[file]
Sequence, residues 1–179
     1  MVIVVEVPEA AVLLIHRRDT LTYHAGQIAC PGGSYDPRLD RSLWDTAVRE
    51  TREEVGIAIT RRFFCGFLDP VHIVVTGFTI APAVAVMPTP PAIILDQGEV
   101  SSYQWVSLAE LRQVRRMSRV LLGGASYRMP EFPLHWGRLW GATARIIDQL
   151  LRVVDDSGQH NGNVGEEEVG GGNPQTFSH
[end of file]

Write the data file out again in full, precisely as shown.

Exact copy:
Sequence, residues 1–179
     1  MVIVVEVPEA AVLLIHRRDT LTYHAGQIAC PGGSYDPRLD RSLWDTAVRE
    51  TREEVGIAIT RRFFCGFLDP VHIVVTGFTI APAVAVMPTP PAIILDQGEV
   101  SSYQWVSLAE LRQVRRMSRV LLGGASYRMP EFPLHWGRLW GATARIIDQL
   151  LRVVDDSGQH NGNVGEEEVG GGNPQTFSH